I trust that Easter has left you replete with chocolate and suitably refreshed to face the post-holiday period. It has been a time of frenetic activity in the Chuffing Hog household, both in the run-up to the holiday and especially during the holiday period itself.

This is because we have been playing host to some of the Danish branch of our family. Our beautiful niece Cecilia and her equally beautiful mum, Maria came over to spend the weekend with us.

Cecilie, Chuffing Hog, Sue and Maria

Left To Right - Cecilie, Chuffing Hog, Sue and Maria

This entailed a certain amount of planning and a great deal of tidying up before they arrived – tasks that were barely completed with varying degrees of success. Certainly the proliferation of piles of paper and other things around the house have mostly been put away and most of the archaeological layers of junk around my so-called office have been excavated. We even replaced some of our ancient furniture, as I recounted on this blog when I made my medical breakthrough and discovered the condition called Screwdriver Hand.

Maria is a successful designer of what I am informed is Outerwear. I still call them coats and jackets, but hey, I’m a bloke.  Her label is called Mu-Ka and her stunning clothing can be seen at  You will also see from her contacts page that she doesn’t (yet) have UK distribution.

She had spent the past week or so out in the Far East, where her outerwear is manufactured, and had only arrived back the day before she came to stay with us. However, as I will explain, we did little to make her visit relaxing, because we had a great deal of activity to pack into a short time.

The visit really started on Thursday when Maria and Cecilia arrived at Stansted Airport. Sue had told them that she would be meeting them because it was planned that I would be at work. However, I was able to get the time off to go with Sue to meet them. I am really glad that I did as we were able to spend that time together.

Our drive back to Nottingham was uneventful and we arrived home safely and installed our visitors in the one and only fully equipped bedroom. Sue and I had it all worked out. We had a huge fluffy duvet and the inflatable mattress that we use for camping. Predictably enough, Maria and Cecilia both retired fairly early and Sue and I pottered about for a while before deciding to settle down for the night.

This is when we realised that although I had retrieved the mattress and the pump from the loft, I had overlooked the stopper that keeps the air inside the mattress. As our guests were already sound asleep, I decided that I couldn’t start scrabbling about in loft above their bed.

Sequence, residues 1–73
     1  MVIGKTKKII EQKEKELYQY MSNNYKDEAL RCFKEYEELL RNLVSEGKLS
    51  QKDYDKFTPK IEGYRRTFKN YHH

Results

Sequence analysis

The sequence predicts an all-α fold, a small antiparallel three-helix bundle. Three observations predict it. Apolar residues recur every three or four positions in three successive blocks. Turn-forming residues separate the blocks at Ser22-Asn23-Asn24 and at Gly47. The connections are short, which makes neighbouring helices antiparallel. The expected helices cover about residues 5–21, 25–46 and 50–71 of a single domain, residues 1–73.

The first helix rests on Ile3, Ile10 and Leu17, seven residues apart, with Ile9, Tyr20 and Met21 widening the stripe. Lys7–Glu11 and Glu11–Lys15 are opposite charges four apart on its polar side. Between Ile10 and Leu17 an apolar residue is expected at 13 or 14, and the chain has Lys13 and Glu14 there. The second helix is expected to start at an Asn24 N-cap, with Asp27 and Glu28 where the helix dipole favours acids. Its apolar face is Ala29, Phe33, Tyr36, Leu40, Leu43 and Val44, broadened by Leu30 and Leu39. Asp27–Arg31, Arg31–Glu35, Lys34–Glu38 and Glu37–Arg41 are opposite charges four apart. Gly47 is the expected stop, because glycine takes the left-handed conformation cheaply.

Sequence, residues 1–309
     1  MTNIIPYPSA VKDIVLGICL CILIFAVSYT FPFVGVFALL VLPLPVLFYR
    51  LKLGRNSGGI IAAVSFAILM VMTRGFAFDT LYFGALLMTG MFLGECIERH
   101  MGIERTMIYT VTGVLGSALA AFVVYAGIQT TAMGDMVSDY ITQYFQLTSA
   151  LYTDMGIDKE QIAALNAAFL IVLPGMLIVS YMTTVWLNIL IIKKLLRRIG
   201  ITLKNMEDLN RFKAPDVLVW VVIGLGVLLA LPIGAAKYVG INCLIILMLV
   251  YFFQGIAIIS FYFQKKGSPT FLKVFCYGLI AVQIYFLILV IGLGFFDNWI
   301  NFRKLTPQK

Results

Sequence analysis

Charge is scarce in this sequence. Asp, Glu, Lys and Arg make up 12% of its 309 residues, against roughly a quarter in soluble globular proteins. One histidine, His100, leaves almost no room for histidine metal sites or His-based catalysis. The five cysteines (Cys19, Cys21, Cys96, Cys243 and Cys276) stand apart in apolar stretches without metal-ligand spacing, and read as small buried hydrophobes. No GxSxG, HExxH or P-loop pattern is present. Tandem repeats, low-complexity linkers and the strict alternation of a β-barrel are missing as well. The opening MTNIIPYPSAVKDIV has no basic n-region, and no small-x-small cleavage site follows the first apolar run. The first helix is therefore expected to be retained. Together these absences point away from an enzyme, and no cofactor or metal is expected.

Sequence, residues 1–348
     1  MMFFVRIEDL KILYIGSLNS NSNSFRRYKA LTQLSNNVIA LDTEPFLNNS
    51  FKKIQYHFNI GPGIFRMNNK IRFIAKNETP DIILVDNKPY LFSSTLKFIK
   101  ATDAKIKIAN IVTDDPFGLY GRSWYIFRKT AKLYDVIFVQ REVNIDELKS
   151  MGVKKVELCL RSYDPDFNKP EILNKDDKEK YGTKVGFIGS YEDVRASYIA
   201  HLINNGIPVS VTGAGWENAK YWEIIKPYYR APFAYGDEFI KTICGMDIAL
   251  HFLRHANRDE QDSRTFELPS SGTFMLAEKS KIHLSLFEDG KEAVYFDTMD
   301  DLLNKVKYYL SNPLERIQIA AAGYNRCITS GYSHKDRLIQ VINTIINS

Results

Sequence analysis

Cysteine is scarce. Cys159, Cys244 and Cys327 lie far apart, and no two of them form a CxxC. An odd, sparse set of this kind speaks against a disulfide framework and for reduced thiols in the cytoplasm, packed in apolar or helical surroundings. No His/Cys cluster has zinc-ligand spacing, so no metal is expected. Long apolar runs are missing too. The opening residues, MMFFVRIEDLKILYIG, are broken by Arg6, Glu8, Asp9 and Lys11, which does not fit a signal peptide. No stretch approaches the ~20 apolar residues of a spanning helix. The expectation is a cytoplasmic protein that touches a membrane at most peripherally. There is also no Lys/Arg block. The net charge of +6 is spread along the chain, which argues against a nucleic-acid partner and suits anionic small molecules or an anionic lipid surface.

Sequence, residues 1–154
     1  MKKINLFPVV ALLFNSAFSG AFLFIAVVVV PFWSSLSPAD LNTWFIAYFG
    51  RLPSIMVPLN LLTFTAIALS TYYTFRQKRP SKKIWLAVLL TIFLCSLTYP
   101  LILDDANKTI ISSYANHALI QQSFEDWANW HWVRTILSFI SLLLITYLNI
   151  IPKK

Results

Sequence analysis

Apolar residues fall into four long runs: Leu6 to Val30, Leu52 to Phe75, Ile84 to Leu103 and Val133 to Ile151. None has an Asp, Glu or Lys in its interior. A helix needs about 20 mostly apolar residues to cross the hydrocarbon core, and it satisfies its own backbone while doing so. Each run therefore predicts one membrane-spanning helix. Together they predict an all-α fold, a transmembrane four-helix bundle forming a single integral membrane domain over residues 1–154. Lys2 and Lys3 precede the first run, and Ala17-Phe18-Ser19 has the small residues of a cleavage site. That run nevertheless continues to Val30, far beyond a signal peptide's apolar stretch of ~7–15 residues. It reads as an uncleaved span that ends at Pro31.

This left us with a problem.

Whilst I don’t mind sleeping on the floor, Sue doesn’t do floors. This was, I had hoped, solved when I took the sun lounger from under the stairs and set it up for Sue to sleep on. With the solution to one problem came another one. We only had one duvet – and Sue was having this.

Fortunately, our corner shop is a large Tesco Extra. So Sue trotted off down the road and returned with another, slightly less fluffy, but perfectly serviceable duvet.

With the sleeping arrangements supposedly sorted out, we retired for the night.

When I woke up – ridiculously early – at about 6 am, Sue was missing. The sunbed was there, but Sue and the big fluffy duvet had, it seems, been abducted by aliens.

Eventually, I wandered downstairs to see whether there were flying saucers on the lawn, to discover Sue asleep in the middle of the front room floor on the settee cushions. It is a matter of considerable regret that I didn’t have the presence of mind and naked courage to capture a photograph of this hilarious sight.

I tiptoed around for quite a while until she eventually woke her up, claiming that I had disturbed her sleep with my snoring. Although I find this hard to believe, it is no more than justice for the many nights that I have been kept awake by stentorian rumbles from Sue’s side of the bed.

Part 2 of this epic will pick up with Good Friday’s family get-together.

Ride Safe

5000th Visitor

Sometime on Easter Sunday, the  5000th visitor arrived here. I apologise that I didn’t have the red carpet out, but I was busy having a great time with our visitors.

When I started writing this blog just a year ago, I couldn’t see that anyone would want to read this. I know that, compared to the great and good of the blogosphere, 5000 visitors is is nothing, but it means a lot to me, so whether you’re a regular, or whether this is your first visit to these shores, thank you.

Ride Safe

Ride To Shackerstone

Sunday afternoon saw Sue and I partaking of two of our favourite pleasures. (Steady on, this is a respectable blog. Anyway, at our age, we don’t do THAT sort of thing.)

We took a trip out on the Harley-Davidson Heritage Softail that just happened to take us to a heritage railway that isn’t too far away from us in Leicestershire.

The Shackerstone Railwayis also known as the Battlefield Line because its southern terminus at Shenton is adjacent to the Bosworth Battlefield.

The Battle of Bosworth was fought on August 22nd1485. Henry Tudor had marched with his force from Milford Haven in Wales where he had landed with about 2000 men. The Battle of Bosworth is one of England’s defining battles as it ended the reign of Richard III and led to Henry Tudor becoming Henry VII, the first of the Tudor monarchs, a dynasty that lasted to 1603 and included the reign of two of England’s most famous monarchs – Henry VIII andhis daughter Elizabeth I.


Our route took in some familiar roads as we headed south on the M1 and west on the A42. After a stop at McDonalds at Ashby for a coffee and Deli of the Day, which was bacon & chicken, we continued along the A42 and then dived south into the wilds of darkest Leicestershire. After some winding and narrow lanes, we finally arrived at the very sharp turn onto the old railway trackbed which was very reminiscent of the approach to Peak Rail‘s Rowsley South station.